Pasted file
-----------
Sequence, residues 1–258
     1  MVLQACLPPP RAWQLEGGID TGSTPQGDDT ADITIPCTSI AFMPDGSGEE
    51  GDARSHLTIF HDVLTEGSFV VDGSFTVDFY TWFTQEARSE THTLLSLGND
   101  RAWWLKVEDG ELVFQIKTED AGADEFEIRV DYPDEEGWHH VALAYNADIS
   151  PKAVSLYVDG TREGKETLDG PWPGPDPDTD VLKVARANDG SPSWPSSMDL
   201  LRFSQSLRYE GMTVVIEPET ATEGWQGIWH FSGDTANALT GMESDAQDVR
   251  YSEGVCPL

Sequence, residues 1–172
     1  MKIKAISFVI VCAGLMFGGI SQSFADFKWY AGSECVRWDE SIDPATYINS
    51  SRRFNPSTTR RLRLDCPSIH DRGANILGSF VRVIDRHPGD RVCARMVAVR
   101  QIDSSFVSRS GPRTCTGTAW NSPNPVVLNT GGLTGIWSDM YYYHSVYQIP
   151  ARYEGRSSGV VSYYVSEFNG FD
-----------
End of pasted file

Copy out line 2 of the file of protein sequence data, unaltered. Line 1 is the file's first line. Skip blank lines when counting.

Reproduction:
     1  MVLQACLPPP RAWQLEGGID TGSTPQGDDT ADITIPCTSI AFMPDGSGEE